Focusing on others is one of the most valuable parts of the holiday season, but it’s easy to get caught up in that and forget to take care of yourself. This year, combat stress by scheduling in a few things during the busy holiday season that are just for you.
Get a massage, curl up with a book, or take yourself out to a movie. The more you’re able to recharge, the easier it will be for you to spread love to your family and friends.
Rethink Your Family Customs
Traditions are the most enjoyable part of the holiday for some people. However, if you’re feeling like you’ve outgrown a particular custom, or if it doesn’t bring you joy anymore, you should feel free to ditch it or suggest an alternative.
This is particularly important if you’re grieving a loss – don’t stick to old traditions if you know that they’ll upset you. Take this opportunity to explore new traditions that feel more appropriate to where you’re at today. Traditions are only valuable if they’re enjoyed, not just followed by rote.
Ban Controversial Topics
One way that you can keep the peace among your family members this holiday season is to ban controversial topics, like politics or religion, if you know that they’ll only cause drama. Keep your family dinners stress free this year by gently suggesting at the start of the evening that certain topics remain off-limits. When you bring it up proactively at the start of the evening, it ensures that no one feels targeted. Plus, you can cut off conflict before it begins.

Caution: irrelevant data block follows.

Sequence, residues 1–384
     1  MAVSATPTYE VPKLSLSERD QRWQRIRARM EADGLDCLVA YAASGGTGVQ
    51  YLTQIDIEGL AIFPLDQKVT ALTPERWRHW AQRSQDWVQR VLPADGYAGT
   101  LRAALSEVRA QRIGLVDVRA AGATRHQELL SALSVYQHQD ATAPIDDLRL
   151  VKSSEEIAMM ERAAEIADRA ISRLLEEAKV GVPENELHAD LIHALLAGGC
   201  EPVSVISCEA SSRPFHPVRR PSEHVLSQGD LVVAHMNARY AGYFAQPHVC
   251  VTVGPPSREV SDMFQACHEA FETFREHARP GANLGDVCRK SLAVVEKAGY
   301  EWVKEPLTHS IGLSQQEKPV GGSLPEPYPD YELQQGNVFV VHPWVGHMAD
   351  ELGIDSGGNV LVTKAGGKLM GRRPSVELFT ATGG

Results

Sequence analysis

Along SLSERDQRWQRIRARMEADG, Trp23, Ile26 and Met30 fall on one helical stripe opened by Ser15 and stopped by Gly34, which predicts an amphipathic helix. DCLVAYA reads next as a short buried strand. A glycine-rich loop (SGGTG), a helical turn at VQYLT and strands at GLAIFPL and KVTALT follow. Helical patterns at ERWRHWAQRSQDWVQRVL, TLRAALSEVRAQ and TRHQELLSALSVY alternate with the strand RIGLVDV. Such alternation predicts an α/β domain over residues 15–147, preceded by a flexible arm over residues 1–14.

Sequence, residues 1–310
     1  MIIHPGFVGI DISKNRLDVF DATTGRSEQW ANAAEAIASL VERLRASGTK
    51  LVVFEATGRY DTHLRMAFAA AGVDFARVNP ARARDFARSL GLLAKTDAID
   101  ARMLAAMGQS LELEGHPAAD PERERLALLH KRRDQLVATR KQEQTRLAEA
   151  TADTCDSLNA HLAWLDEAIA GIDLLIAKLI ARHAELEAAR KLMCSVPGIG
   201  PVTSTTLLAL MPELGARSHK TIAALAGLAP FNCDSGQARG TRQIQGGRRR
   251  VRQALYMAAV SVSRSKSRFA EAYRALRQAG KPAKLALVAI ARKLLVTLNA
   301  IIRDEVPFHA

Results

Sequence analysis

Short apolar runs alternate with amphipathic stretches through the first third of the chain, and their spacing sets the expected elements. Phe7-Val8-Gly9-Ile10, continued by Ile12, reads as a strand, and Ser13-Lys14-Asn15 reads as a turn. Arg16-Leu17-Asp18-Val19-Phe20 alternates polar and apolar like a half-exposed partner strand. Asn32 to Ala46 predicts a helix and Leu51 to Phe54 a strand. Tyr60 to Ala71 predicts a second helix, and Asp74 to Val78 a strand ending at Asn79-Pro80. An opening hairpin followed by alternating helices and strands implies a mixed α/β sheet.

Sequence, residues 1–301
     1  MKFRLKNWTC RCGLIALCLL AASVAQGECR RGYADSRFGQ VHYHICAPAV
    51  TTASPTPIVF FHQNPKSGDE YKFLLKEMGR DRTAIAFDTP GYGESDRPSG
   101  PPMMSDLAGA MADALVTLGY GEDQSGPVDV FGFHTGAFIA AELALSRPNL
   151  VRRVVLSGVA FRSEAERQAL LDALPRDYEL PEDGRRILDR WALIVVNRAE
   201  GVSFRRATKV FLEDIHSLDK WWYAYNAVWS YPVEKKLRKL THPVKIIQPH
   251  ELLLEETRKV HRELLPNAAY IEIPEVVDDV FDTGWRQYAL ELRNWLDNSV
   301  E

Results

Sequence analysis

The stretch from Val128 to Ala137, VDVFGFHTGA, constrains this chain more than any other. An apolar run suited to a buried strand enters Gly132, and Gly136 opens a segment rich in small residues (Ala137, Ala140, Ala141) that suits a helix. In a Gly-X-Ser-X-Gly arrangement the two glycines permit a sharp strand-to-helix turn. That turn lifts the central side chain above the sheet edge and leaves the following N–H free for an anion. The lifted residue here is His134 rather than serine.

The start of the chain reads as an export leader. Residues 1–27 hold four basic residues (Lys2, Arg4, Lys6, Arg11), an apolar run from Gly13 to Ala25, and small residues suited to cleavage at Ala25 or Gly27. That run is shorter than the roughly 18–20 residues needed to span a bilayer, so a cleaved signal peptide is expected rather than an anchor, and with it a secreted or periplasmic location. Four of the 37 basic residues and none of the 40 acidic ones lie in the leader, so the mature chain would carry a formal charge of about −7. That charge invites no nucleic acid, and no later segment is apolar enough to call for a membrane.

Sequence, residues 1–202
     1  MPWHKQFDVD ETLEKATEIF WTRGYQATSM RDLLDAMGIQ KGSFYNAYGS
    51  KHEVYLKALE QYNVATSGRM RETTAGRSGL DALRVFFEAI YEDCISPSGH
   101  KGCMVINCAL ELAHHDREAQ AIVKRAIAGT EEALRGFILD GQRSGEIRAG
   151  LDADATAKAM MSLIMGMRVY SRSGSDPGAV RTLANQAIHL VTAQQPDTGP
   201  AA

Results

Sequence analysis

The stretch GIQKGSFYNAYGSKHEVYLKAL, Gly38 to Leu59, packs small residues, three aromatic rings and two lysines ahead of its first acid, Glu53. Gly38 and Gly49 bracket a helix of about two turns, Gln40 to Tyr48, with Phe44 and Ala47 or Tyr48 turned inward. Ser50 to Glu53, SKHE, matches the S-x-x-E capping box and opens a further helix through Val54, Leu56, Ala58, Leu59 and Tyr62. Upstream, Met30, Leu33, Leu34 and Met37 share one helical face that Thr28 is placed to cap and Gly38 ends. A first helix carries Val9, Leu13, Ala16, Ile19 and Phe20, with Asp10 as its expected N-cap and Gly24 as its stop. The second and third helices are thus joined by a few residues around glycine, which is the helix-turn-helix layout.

Ask for Help When You Need It
The holiday season can be exhausting if you’ve found yourself in the role of organizer, chef, or provider. Maybe you’re just of that generation, or maybe you’ve boasted about your cooking so much that you find yourself the only chef in the kitchen.
Avoid stress this year by asking for help when you need it. Don’t just ask and expect people to know exactly what you need. Come to them with a specific task and trust them to get it done without being reminded.
Don’t Focus on Perfection
At the end of the day, your friends and family won’t remember what your tree looked like or how beautiful your table decorations were. They’ll remember conversations that they had while sitting around the tree or at the table, and they’ll think back fondly on memories that were made that day.
This year, give your family the gift of your attention and presence, rather than focusing on making the day perfect. It’s easy to get caught up in the struggle for perfection, but cut yourself some slack, order in a pizza, and enjoy just sitting around with the people that you love.